On Monday, with the help of Cindy, our systems tech, our head (aka toilet) systems now work. Our Vacuflush (used at docks and fills the holding tank) no longer continually runs due to a recent pressure leak and the Raritan Electroscan system (used while sailing and at anchor) is properly primed. We now meet USCG Approved Type 1 waste removal standards. There was much cheering. We learned simple steps to fix pressure leaks. Nothing is more frustrating than having problems with basic systems, which leads me to the next system failure.
Tuesday morning. With our electronics tech aboard, we left the dock at 8:30 AM in perfectly calm air and glassy water, perfect conditions for our mission — calibrating the autopilot and chart plotter to ensure accurate navigating. As I stood at the helm, steering Dolce Vento toward the channel to leave the marina, the engine unexpectedly started sputtering and then shut down. I glided Dolce Vento to a gentle docking at the “T” end of “E” dock. The marina asked us to move as soon as possible because that location is in a narrow passage way.
Yanmar diesel engines almost never die, so we bid goodbye to our electronics tech so he could go onto his next job and then called our contractor for engine medical help. Was it just a ‘broken arm’ or a ‘heart attack’ we had to deal with?
Within an hour, Paul, a burly mechanic engine doc with beard and tattooed arms and legs, rumbled down the dock, tools in his cart, ready to diagnose the illness. Digging about the engine, probing this and that, he concluded that a constricted and clogged fuel line had starved our engine until it stopped running. The fix would take some new parts, a bit of replacement surgery–about three hours, but it was no ‘heart attac’. We settled in, sitting in the cockpit, enjoying the sun and breeze that started to freshen and push Dolce Vento against the dock. John went below to assist in the surgery.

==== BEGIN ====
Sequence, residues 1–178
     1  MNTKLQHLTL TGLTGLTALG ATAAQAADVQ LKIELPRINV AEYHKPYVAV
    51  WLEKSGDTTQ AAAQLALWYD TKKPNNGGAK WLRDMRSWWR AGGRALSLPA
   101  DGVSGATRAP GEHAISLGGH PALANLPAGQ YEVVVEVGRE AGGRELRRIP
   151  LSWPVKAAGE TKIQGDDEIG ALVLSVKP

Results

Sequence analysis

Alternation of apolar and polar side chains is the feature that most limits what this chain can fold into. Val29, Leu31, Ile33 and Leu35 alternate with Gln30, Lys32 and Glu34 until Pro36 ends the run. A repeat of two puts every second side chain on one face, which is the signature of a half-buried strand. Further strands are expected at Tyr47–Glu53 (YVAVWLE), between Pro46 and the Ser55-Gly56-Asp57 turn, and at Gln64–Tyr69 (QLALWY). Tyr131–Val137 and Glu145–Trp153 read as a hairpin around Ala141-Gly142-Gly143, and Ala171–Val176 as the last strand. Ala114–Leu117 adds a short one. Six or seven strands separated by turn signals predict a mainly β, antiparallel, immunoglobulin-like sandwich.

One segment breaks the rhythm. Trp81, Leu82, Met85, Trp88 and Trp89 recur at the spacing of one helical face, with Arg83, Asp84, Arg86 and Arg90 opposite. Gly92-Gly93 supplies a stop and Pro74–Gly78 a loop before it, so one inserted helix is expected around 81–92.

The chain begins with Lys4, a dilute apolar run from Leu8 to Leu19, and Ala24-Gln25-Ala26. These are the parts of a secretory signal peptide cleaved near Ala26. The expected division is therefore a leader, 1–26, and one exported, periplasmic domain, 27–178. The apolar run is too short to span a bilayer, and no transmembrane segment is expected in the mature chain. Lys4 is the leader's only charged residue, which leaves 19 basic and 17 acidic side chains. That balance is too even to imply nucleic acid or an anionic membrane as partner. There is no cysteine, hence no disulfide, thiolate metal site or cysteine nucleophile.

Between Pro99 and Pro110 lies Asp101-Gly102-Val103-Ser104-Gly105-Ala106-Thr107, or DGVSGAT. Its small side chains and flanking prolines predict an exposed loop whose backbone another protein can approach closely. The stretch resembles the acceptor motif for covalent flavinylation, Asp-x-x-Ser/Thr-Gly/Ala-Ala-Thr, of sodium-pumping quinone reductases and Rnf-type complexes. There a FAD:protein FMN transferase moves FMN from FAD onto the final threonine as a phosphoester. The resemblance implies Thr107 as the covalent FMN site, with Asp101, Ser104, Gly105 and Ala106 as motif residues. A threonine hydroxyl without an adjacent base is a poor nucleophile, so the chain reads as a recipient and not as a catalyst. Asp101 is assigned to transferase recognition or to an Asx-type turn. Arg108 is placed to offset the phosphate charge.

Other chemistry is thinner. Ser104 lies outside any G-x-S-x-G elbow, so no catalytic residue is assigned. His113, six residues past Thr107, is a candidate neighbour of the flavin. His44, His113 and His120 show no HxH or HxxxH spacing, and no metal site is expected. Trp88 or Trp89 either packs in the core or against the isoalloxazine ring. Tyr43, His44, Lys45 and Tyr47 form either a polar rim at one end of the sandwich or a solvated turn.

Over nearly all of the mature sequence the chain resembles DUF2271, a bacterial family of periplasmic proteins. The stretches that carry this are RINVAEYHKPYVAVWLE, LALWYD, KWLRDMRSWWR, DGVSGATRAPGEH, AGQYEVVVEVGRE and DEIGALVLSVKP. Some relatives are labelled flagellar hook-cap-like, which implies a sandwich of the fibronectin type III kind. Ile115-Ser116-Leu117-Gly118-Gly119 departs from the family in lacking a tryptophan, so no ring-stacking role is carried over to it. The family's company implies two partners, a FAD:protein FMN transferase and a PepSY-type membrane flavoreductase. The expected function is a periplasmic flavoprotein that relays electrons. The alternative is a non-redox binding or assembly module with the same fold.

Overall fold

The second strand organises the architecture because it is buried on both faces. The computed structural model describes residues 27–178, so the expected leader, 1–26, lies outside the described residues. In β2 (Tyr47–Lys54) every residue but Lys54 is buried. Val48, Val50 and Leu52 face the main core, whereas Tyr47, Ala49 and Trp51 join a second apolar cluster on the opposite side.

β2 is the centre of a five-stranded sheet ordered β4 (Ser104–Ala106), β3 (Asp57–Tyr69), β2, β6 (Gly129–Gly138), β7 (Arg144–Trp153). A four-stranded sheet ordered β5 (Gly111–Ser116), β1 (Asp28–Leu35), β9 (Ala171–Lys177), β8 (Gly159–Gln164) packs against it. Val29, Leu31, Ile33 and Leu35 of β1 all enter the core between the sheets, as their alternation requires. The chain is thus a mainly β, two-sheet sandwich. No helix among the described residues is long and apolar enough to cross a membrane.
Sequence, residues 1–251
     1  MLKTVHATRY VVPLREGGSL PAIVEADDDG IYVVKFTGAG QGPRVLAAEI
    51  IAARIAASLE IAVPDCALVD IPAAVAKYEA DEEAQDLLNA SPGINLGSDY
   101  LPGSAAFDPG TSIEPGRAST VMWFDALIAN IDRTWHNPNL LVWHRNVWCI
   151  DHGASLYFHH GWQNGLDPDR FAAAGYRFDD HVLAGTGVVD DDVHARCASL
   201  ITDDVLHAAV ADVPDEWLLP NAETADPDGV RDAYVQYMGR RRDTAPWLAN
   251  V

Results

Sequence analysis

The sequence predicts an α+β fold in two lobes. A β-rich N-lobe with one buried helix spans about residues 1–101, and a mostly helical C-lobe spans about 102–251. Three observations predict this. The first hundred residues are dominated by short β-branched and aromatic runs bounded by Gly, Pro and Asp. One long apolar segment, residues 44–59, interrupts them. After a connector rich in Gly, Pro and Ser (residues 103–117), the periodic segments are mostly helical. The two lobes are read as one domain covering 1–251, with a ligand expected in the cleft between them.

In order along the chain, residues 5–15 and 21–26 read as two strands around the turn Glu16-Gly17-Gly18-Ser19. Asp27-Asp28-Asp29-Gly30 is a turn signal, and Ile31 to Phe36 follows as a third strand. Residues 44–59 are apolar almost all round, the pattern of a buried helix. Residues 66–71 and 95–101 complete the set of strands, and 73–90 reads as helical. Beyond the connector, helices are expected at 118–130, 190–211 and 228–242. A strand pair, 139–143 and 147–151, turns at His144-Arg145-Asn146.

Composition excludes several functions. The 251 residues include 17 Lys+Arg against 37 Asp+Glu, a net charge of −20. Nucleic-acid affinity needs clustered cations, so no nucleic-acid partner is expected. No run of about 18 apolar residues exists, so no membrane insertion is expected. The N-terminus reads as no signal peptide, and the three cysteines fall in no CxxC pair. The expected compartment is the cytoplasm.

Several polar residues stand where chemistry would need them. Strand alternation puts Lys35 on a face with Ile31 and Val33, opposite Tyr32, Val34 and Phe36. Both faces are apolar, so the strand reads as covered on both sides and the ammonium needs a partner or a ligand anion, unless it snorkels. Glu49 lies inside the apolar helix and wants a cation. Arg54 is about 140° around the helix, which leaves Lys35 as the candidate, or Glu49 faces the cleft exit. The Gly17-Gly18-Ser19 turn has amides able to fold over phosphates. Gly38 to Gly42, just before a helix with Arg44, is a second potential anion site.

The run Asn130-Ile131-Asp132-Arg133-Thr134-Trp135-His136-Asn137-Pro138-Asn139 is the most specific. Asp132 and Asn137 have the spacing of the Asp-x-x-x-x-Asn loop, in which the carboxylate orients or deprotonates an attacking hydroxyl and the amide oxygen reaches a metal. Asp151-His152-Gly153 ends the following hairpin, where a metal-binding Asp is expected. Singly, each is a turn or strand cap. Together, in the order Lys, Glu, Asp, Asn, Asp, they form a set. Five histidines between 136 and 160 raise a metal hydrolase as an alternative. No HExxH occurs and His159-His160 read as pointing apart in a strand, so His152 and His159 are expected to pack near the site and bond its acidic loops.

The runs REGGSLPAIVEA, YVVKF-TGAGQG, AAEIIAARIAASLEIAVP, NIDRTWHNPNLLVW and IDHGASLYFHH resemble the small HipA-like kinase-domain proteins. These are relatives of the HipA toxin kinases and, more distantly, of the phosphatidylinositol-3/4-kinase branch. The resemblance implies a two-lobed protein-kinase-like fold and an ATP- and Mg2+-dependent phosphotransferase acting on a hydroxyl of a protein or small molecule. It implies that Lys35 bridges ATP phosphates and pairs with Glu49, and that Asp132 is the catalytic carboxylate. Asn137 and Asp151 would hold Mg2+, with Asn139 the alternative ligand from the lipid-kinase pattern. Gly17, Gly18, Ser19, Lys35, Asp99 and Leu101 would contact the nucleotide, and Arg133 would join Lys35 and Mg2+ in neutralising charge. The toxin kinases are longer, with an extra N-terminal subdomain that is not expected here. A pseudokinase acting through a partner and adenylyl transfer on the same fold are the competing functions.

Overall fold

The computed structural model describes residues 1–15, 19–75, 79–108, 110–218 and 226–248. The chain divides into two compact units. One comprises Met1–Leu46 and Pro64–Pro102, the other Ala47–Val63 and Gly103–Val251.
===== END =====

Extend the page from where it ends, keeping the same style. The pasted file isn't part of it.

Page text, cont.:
By the time the engine was once again running, the breeze had become a 20 knot blow against the boat and dock. Dolce Vento was essentially locked to the dock. I calculated that getting off the dock might require skills not in my immediate possession, so I asked Paul to get Larry, a seasoned sailor, who has advised us in the last several months on a variety of issues.
After a quick analysis, Larry explained his plan. He directed me to use the bow thruster to turn the bow away from the dock and then push straight out ahead with the engine roaring to avoid crushing our dinghy at the stern against a piling. I tried, but lost confidence, relinquishing the helm to Larry when he saw me flailing.
After we got back into the slip, I felt miserable for not being able to do the maneuver. My head hung low. Larry had to remind me that I got the boat to saftey when the engine failed, asked for help when I thought I needed it, and learned much about maneuvering at dock when the wind is pushing you into the dock. He also reminded me that it’s quite normal to stay at the dock until the wind calms down. Lesson learned — don’t be afraid to use the power! Don’t wimp out! Trust your instincts! The engine purrs like a kitten and powers like a horse now that it has a proper input fuel line.
On Wednesday, with a fully operating engine, a father and daughter team who assisted us in finding Dolce Vento, joined us for an overnight sail to the Wye River,